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I heard that a one horse race means a competition which one particular person or team is very likely to win because they seem much better than the other people competing. Anyone know about the origin of this expression? why one horse?

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    If there's only one horse in a race, who do you think is going to win? – TimLymington Feb 19 '14 at 16:56
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    Also notice that this is often written as one-horse race to remove the ambiguity of whether this is a single horse in the race or a single instance of a horse race. – virmaior Feb 19 '14 at 17:53
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In a literally true one-horse race, the one horse that runs comes in first (and last, too, if you choose to look at it that way) because it is the only horse entered in the race. However, the term "one-horse race" is more frequently used figuratively to refer to a contest in which one of the entrants outruns the others by a huge margin or, before the race occurs, is a prohibitive favorite to win.

One early example of the post-race usage that Google Books finds occurs in California State Board of Agriculture, Transactions (1889), reporting on a race that took place in the San Joaquin Valley of California on September 19, 1888:

The second race, a district trot for three-year olds, was a “one-horse" race, Moses S winning in a go-as-you-please fashion. Two started: Grace Vernon might have been started in an opposite direction, if it was intended that she should pass Moses.

The before-the-race use of the term appears in, for example, Bailey's Magazine of Sports and Pastimes, volume 56 (1891):

Perhaps the unexpected excitement of the race, the entire alteration in the preconceived ideas of most of the spectators, the surprises, of which there were many, all tended to make the great race a memorable one. When one reflects what we all thought the [St.] Leger would turn out to be after the race for the Derby, our readers will understand our meaning. Did we not repeatedly hear the expression “a one-horse race,” and old racing men question if it was worth while to go to Doncaster to see Common romp in? And when Mimi made that inglorious exhibition at Leicester, then more than ever did the path of Common seem clear.

Writers were applying the phrase to sporting events other than horse races as early as 1892, as this account of an intramural cricket match in The Oxford Magazine (May 11, 1892) demonstrates:

The Freshmen's match was what the reporters would style a “one-horse race,” as Fry, the facile, easily carried off the honours both in the batting and bowling department. As a matter of fact, he was very lucky to secure his century on the first day, as two certainly of the catches he gave ought to have been safely held : on the third day his fifty-three was an excellent performance, as he timed the ball well, hit it hard, and ran some good runs.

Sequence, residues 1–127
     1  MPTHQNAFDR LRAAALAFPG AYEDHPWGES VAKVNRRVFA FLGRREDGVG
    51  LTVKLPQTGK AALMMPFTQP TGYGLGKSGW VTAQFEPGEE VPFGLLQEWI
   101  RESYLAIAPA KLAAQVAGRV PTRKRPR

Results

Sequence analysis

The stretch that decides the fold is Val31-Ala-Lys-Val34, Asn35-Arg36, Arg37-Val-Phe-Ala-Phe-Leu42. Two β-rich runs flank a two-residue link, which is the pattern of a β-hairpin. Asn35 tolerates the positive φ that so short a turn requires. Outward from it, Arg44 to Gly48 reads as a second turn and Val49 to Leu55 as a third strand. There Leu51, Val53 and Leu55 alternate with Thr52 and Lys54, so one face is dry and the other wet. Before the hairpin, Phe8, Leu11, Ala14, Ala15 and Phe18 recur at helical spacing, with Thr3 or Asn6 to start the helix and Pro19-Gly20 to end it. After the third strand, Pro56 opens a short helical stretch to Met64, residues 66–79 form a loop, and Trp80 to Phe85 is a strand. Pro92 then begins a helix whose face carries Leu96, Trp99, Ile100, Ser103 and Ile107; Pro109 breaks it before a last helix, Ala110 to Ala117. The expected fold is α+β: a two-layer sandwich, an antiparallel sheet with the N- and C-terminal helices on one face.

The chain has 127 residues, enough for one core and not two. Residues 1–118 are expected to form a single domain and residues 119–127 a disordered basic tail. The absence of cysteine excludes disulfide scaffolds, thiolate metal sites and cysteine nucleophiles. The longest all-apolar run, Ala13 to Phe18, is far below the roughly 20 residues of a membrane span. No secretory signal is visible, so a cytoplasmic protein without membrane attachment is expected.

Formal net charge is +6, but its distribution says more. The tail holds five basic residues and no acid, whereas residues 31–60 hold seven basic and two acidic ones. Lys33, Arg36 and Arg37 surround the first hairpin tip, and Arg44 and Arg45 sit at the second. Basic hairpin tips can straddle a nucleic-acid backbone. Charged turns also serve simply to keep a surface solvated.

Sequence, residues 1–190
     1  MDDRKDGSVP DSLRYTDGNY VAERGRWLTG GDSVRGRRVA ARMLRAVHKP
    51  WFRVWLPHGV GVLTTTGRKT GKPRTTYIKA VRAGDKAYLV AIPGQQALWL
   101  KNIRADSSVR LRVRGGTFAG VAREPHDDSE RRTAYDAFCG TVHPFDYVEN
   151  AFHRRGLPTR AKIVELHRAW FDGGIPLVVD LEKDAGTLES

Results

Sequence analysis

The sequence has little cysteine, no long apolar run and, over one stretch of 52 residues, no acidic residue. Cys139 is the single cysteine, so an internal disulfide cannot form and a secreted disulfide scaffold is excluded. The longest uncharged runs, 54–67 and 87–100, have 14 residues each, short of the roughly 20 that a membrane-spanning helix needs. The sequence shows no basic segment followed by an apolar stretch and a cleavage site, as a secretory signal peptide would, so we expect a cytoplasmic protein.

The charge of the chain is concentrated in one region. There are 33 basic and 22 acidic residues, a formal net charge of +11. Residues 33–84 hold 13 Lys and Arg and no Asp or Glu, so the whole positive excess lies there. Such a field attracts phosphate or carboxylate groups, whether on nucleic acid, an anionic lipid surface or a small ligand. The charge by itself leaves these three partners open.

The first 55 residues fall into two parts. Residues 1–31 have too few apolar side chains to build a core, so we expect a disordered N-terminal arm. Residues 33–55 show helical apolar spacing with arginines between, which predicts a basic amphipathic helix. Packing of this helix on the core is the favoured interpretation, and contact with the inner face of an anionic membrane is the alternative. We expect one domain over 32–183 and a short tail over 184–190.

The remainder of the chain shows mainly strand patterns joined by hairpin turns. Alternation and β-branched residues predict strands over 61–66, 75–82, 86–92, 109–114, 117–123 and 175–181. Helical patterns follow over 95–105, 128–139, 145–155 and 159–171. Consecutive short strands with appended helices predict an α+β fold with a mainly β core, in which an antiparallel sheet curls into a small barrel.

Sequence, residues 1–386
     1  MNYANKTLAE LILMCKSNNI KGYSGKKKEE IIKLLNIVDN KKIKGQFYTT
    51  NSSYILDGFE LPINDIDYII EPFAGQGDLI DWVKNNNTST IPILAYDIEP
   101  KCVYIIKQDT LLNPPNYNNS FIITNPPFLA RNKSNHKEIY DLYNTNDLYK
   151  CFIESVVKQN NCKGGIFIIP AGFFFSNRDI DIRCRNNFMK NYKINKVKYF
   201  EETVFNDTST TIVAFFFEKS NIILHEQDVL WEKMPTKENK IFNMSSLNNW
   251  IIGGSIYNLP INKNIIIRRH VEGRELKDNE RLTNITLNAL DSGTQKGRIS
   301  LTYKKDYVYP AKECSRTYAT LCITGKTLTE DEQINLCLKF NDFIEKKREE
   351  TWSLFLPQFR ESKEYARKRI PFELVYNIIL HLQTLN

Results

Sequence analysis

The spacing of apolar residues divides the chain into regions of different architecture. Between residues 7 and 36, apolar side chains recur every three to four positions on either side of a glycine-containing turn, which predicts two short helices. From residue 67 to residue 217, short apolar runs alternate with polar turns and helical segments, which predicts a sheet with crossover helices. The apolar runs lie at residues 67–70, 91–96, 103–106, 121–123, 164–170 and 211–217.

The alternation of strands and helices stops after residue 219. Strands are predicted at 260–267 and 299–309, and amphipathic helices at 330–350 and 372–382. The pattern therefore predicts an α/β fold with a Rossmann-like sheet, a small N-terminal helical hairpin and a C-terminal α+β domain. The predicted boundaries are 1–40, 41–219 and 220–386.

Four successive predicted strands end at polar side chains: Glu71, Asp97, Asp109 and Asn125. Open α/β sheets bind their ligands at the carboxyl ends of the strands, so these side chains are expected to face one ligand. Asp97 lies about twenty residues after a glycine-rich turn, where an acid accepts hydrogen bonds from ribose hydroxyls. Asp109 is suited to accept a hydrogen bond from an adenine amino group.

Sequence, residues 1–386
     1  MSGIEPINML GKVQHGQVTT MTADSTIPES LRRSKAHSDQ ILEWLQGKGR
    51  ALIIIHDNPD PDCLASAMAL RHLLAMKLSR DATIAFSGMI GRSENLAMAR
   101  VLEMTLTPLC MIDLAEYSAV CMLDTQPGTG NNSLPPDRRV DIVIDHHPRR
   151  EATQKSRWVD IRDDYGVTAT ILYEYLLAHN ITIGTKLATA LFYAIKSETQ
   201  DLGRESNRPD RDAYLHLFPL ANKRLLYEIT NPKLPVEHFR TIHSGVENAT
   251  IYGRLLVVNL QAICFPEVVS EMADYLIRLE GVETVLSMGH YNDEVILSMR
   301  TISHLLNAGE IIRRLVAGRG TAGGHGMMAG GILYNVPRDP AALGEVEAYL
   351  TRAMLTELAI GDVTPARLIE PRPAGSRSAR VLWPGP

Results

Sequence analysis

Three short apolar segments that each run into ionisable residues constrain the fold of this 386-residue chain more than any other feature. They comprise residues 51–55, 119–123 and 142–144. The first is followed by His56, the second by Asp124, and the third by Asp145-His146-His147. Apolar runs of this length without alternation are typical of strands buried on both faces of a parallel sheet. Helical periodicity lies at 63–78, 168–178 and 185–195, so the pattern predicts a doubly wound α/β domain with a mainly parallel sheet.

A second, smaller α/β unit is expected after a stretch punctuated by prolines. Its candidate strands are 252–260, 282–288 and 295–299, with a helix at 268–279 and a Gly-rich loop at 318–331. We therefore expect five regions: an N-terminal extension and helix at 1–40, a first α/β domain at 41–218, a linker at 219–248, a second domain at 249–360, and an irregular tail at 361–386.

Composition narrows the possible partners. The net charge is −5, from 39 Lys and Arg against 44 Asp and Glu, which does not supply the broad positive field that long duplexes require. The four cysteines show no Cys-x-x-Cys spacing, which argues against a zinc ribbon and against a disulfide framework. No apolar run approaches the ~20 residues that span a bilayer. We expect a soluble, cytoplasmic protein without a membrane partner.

One of the earliest occurrences that Google Books finds of "one-horse race" used in a non-sporting context occurs in an advertisement in The Moving Picture World, volume 18 number 7 (November 15, 1913) in which Universal Pictures quotes a congratulatory telegram it received from Washington Film Exchange:

"Can't find words to properly voice praise due to Universal program and Universal progress. This is a one-horse race. You can't lose."

One frequent situation where people refer to a "one-horse race" is in elections where a candidate on the ballot is running uncontested. This situation comes very close to the sense of being the only horse participating in a horse race. Sayyid Mir Qasim, My Life and Times (1992) offers this example:

The 1951 elections to the Constituent Assembly, held not long after the Pakistani invasion, were in fact a one-horse race: all the National Conference candidates, including me, got elected unopposed.


Update (October 18, 2019): Early occurrences in newspapers

Although the Google Books matches for "one-horse race" include an early (September 19, 1888) example from California, the Elephind database of U.S. and Australian newspapers finds 14 matches from before that date in various Australian newspapers. The oldest of these is from "Randwick Autumn Races," in the Singleton [New South Wales] Argus (April 20, 1881):

This was a simple gift to Progress, who finished about 12 lengths from the second, and about twice as many from the third horses, whom he led all round. A more uninteresting race, so called, cannot be imagined, and for once the [St.] Leger [Stakes] has failed to attract the stamp of horses which in time past have won it its popularity. Saturday's Leger was a one-horse race in the most literal sense. The other two were afforded an opportunity of watching the heels of Progress from a gradually increasing distance, all the whipping efforts of their jockeys failing to prevent their lagging behind.

I don't know whether the expression "one-horse race" originated in Australia or emigrated there from Great Britain, but it seems to have been much more widely used in Australia than in the United States during the 1880s.

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